I believe it is essential to acknowledge the pleasures of addictive substances as well as their destructive effects. Certainly many pleasures are associated with alcohol use, and there are even documented health benefits.
Of course, once “use” becomes “abuse” the positive effects are greatly outweighed by the dangers, as will certainly become clear. One may wonder how humans began drinking alcohol in the first place. Historians believe that early man may have seen animals eating fermented fruits and noticed the dramatic effects on their behavior.
Some adventurous must have decided to find out exactly what was making that deer stagger around. From there, it was probably not long before people were producing alcoholic beverages as a highly developed skill, or even an art.
For many thousands of years, alcoholic beverages and the techniques needed to produce them have been woven into the fabric of human civilization. Along with the historical importance of alcohol itself, drinking has been the based for social institutions that continue to be important today.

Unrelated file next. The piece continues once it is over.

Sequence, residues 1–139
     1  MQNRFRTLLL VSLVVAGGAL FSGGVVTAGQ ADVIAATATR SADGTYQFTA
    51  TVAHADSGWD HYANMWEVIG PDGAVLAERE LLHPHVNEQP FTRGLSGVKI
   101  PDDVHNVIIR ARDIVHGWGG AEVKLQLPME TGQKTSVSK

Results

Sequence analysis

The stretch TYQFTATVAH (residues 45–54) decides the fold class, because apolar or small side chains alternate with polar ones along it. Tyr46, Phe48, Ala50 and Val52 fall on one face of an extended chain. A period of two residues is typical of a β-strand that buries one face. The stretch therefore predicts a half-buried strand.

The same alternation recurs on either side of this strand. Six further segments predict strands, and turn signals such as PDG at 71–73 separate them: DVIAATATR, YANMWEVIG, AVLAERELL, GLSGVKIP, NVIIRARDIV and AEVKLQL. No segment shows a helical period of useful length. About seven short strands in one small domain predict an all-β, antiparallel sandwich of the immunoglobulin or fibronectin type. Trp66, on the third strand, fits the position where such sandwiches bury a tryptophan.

Gathering places around social drinking can doubtingly provide emotional benefits, and any genuine experience of happiness or relaxation has physiological benefits as well. Furthermore, the medical as well as the popular view of alcohol has been altered somewhat by studies showing that moderate drinking can reduce the risk of heart attacks.
Although this benefit has been associated with changes in blood chemistry, it may derive as much from lowered stress levels as from any biochemical effects. Since prehistoric times, alcohol has played a varied but extremely important part in human experience. On the one hand, it has been used in sacraments and religious ceremonies as a way of getting in touch with the gods.
On the other hand, alcohol has helped people feel closer to one another, In its dual role as both sacred and profane, alcohol could be compared with fire as a structural principle in our lives. And, again like fire, it can easily get out of control.